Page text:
Ever since English philosopher and statesman Sir Francis Bacon fired the first warning shot about the power of knowledge more than 400 years ago, the battle over information rights and wrongs has expanded at a phenomenal rate.
Witness the discussions that took place mid-April of this year at the ninth annual AccelerateAB conference in Calgary, where techies from across the province gathered to share their data know-how. Although the theme this year focused on the growing opportunities offered by mashing together and disseminating data, the 650 or so presenters and attendees seemed equally concerned about the increasing levels of responsibility tied to mining and dispersing knowledge.
“In my area it’s really become medical science data versus pop culture,” said law professor and Research Director of the Health Law Institute at the University of Alberta Timothy Caulfield. In fact, the World Health Organization (WHO) believes the spread of misinformation is a leading threat to global health, and Caulfied quoted a recent research study that claimed that some 64 per cent of Americans (and, to a lesser extent, Canadians) are gravely concerned about their ability to tell what’s true from what’s not.
“This phenomenon demonstrates an erosion of trust and critical thinking in our society,” said Caulfield. “It distracts and confuses people and can cause financial loss and physical harm.” His call to action included a better regulatory response, increased science literacy communicated through creative means such as movies, more independent scientific work and greater data industry involvement.
Alberta’s Information and Privacy Commissioner Jill Clayton was more concerned about the ethics and legalities behind the gathering, storage and dissemination of data. Pointing to recent Cambridge Analytics and Facebook information breaches, efforts to interfere in the U.S. elections, and the recently released Mueller report, she said the safeguards currently in place are not up to the job. “Are these companies too big to regulate?” she asked. Investigations into the massive ransomware and Equifax breaches, she said, revealed unacceptable safeguards that can destroy a company’s reputation. “It’s time to step up and do something,” she urged. That something could look like the General Data Protection Regulation (GDRP) introduced in Europe last year. Meanwhile, provincial governments are doing their part by appointing privacy commissioners that offer and sometimes require consultation on various levels, she said, but all too often companies don’t consider contacting them.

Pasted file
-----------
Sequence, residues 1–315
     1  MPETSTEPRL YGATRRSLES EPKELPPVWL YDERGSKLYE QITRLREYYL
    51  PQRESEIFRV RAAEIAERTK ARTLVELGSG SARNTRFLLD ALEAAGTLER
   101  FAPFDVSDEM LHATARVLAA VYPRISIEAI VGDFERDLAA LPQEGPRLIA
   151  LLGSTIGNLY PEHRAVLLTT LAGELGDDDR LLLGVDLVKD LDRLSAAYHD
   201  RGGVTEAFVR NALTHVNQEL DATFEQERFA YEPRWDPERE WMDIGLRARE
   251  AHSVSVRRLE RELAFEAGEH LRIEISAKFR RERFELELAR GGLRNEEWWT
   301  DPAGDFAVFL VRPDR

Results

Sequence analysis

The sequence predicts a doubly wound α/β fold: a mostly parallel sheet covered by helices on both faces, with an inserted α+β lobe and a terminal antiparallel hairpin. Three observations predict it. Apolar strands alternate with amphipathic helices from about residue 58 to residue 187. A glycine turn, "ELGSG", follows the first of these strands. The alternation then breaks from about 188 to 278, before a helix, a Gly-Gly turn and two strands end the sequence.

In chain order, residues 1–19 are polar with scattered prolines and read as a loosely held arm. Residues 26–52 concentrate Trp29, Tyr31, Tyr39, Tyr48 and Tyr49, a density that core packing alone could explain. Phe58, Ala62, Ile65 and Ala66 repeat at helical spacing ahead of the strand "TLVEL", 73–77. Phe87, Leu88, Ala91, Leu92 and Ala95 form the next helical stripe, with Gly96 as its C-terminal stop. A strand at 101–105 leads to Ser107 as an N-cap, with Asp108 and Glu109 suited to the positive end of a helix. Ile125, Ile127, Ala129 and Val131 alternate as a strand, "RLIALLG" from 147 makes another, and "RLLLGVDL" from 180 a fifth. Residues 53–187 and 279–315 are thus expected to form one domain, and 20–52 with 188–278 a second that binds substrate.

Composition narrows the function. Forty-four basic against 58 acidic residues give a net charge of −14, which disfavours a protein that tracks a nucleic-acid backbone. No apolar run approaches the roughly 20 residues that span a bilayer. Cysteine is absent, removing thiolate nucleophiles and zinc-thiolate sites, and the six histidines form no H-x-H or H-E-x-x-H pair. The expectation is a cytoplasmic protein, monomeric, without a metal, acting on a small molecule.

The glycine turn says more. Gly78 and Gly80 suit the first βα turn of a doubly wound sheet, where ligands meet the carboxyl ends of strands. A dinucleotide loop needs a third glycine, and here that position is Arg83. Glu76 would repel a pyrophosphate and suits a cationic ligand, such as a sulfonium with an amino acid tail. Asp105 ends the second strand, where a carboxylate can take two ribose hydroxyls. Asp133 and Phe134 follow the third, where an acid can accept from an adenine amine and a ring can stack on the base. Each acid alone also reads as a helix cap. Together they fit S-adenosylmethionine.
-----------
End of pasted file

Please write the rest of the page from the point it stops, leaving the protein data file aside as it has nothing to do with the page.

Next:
She urged technology companies to think not just about the law, but also about the ethics of data use. “Just because you can use data in a certain way doesn’t mean you should,” she said. Clayton referred to the outcry over Statistics Canada's collection of Canadians' personal banking information and a smart city data-sharing project on the Toronto waterfront that blew up due to privacy issues.
Data companies involved in developing geospatial applications that can pinpoint where all kinds of things are in the world also carry a heavy burden of responsibility, added keynote speaker Jonathan Neufeld. Pointing to the 4,800 satellites revolving around the earth performing weather, communication, navigation, imaging and data collection tasks, the TECTERRA CEO said data firms need to be aware of both the upside and downside to collecting and using this information: “We need to be aware of what’s possible and whether we should be doing it.”